Moa Beer seems to be self-selecting for investors who like the current marketing strategy so shareholders won't get mad when they do outrageous things in future. With decent beer and a dose of shamelessness – not a bad niche – it'll probably wind up doing pretty well for itself.
I love Amihai Glazer's little model
claiming that voters are motivated by the desire to anger or please
others through their vote. The model explains a few anomalies that are
otherwise hard to explain, like that voters pay more attention to
national election contests than local ones even though the probability
of decisiveness in the latter more than makes up for the smaller stakes.
Expressiveness considerations of this sort should not matter in investment markets; expressiveness there gets expensive. And yet we have ethical investment funds for investors who care about that sort of thing. And, yet we have this one.
Moa Beer has been carving out a little niche in getting free publicity by being outrageously blokeishly offensive. When Wellington proposed putting up a Wellywood sign (tacky in the extreme), Moa promised a beer bounty to anybody who knocked it over. They sponsored the Great Easter Bunny Hunt. Gay rights groups haven't been pleased with some of their marketing campaigns. And they've been a bit cute around ASA guidelines regarding swearing in ads. And the Pakistani cricket team isn't pleased either.
Moa's now heading for IPO. Here's the prospectus. If you're running an investments course, this is one to keep on file. They've advertising for Beretta shotguns inside the prospectus, among other things. The Herald has some highlights:
The 132 page blurb channels a mix of the Mad Men TV series and up-market men's magazine FHM, featuring black and white shots of Moa's all-male board and management striking macho poses in sharply cut suits, while attractive women in black skirts, white blouses and ties fondle cigars and bottles of Moa. A section headlined "Investment Highlights" appears beside one such full page photograph, while in another, Moa general manager Gareth Hughes taps out a cigar into an ashtray a model is holding above her head. Advertisements in the prospectus include plugs for Aston Martin sports cars and Beretta rifles, while a naked woman on a horse promotes Ecoya scented candles, which Ross floated on the NZX in late 2010.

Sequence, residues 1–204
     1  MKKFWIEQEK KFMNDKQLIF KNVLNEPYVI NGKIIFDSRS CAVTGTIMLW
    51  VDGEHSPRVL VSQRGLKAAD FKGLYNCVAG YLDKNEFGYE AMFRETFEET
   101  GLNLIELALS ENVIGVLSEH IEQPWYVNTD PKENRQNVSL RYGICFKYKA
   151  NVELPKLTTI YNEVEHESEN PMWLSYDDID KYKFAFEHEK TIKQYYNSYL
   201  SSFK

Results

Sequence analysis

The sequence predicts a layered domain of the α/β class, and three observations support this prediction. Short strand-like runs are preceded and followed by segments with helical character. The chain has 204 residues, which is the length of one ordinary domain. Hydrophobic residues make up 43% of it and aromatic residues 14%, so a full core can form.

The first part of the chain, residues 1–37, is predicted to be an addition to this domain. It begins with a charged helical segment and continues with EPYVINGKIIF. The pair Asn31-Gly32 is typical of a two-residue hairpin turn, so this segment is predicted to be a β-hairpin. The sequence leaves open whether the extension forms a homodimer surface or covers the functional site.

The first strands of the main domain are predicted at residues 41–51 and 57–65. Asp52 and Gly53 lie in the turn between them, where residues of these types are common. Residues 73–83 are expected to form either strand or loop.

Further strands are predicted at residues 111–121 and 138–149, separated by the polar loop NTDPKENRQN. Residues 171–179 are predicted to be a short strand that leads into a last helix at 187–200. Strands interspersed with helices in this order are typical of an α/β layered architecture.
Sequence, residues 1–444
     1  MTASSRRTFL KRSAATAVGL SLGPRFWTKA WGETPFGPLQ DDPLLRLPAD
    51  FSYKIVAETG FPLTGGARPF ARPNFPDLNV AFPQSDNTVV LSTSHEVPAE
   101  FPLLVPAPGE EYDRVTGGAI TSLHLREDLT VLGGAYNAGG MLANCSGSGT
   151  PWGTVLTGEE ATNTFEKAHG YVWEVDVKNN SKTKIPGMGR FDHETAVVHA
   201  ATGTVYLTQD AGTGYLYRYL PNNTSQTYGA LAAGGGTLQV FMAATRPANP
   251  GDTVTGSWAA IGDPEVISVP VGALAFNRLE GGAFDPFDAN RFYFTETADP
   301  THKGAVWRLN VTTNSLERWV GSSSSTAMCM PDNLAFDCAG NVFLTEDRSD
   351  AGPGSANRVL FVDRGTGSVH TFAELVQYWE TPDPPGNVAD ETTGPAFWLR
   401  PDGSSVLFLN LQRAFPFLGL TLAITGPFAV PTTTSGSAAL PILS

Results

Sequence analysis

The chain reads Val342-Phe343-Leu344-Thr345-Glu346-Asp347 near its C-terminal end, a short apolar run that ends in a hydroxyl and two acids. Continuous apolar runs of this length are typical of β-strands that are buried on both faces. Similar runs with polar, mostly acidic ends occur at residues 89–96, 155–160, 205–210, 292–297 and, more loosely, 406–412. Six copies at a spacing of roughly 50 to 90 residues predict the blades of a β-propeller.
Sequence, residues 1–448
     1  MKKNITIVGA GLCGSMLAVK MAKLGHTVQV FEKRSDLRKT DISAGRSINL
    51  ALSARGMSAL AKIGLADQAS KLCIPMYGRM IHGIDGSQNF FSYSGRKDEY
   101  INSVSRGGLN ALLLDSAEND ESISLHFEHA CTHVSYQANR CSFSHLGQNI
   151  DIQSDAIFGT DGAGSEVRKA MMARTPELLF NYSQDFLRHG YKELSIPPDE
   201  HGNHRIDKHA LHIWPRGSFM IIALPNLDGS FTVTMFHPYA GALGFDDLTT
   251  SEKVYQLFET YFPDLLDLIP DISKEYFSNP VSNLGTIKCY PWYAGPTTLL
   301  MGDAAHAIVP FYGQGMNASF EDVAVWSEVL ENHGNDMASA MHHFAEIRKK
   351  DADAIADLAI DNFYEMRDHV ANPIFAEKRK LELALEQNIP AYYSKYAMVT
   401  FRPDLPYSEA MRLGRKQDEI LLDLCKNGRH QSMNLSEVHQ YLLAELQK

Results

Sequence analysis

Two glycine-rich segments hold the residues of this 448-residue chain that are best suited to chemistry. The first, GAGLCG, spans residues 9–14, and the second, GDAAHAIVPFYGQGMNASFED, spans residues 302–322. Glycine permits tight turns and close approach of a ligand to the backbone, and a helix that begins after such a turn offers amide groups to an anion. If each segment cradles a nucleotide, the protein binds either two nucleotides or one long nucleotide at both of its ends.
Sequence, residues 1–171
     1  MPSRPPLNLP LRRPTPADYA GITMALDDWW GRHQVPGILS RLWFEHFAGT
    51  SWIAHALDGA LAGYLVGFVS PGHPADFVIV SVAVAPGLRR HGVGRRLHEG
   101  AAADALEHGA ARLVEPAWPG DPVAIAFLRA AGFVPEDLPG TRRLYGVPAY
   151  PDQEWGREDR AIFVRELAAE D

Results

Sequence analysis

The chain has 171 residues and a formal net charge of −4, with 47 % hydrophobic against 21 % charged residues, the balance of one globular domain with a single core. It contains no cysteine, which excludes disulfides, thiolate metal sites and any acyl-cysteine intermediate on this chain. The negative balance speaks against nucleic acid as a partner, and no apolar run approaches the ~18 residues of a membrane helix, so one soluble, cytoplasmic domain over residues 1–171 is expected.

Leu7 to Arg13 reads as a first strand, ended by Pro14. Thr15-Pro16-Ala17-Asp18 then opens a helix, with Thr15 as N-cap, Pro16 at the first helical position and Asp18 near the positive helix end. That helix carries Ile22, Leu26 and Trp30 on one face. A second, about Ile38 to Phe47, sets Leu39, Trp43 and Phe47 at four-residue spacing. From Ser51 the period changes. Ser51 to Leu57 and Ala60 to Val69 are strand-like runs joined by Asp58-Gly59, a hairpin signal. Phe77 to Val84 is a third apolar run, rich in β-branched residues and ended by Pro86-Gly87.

The prospectus seems designed for those who get expressive benefits from their investment decisions. So, then: will expressive bias against them in the IPO from those who are angered by their strategy be outweighed by expressive bias in their favour? I'm not considering investing. The University sends a hefty chunk of my pay cheque over to the NZ University Superfund for my retirement; I don't try picking stocks. But if you were a value investor, would you expect that expressive investors would unduly bid up the price, and so you'd be inclined to stay away, or would you expect that IPO-avoidance by ethical types would make this a nice play? I'd lean towards the former. (Not investment advice; I've only skimmed the prospectus; form your own judgments, etc.)
I expect that Moa will wind up doing well. Their beer is pretty decent and they're pretty shameless. That's not a bad niche. A small brand can afford to have half the world hate it so long as it gets a few people who love it.
The most obvious model of what's going on is that they're trying to select for investors who like the current marketing strategy so the shareholders won't get mad when they do outrageous things in future. It'll be interesting to see what happens at IPO.
(Ed: For a spot of amusement, peruse the Moa-inspired #momentsofmanhood hashtag, if you haven't already.)
This post is syndicated from Sciblogs
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